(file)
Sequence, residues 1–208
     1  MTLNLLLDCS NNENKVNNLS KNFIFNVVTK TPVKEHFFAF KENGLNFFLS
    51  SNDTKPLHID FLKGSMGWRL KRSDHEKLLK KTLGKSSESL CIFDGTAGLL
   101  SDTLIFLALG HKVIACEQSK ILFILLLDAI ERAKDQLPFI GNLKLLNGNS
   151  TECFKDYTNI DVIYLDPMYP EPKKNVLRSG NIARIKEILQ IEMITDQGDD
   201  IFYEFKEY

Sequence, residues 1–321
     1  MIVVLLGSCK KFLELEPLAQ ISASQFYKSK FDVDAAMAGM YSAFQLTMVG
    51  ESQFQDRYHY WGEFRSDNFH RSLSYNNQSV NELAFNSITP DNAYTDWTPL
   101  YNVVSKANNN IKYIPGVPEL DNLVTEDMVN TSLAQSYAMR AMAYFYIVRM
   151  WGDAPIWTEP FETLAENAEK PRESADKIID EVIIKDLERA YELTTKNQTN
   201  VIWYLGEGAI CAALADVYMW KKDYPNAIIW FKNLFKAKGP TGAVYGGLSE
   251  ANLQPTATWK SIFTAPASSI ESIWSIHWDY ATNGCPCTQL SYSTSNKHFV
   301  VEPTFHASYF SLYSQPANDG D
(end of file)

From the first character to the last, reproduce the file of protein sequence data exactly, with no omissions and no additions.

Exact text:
Sequence, residues 1–208
     1  MTLNLLLDCS NNENKVNNLS KNFIFNVVTK TPVKEHFFAF KENGLNFFLS
    51  SNDTKPLHID FLKGSMGWRL KRSDHEKLLK KTLGKSSESL CIFDGTAGLL
   101  SDTLIFLALG HKVIACEQSK ILFILLLDAI ERAKDQLPFI GNLKLLNGNS
   151  TECFKDYTNI DVIYLDPMYP EPKKNVLRSG NIARIKEILQ IEMITDQGDD
   201  IFYEFKEY

Sequence, residues 1–321
     1  MIVVLLGSCK KFLELEPLAQ ISASQFYKSK FDVDAAMAGM YSAFQLTMVG
    51  ESQFQDRYHY WGEFRSDNFH RSLSYNNQSV NELAFNSITP DNAYTDWTPL
   101  YNVVSKANNN IKYIPGVPEL DNLVTEDMVN TSLAQSYAMR AMAYFYIVRM
   151  WGDAPIWTEP FETLAENAEK PRESADKIID EVIIKDLERA YELTTKNQTN
   201  VIWYLGEGAI CAALADVYMW KKDYPNAIIW FKNLFKAKGP TGAVYGGLSE
   251  ANLQPTATWK SIFTAPASSI ESIWSIHWDY ATNGCPCTQL SYSTSNKHFV
   301  VEPTFHASYF SLYSQPANDG D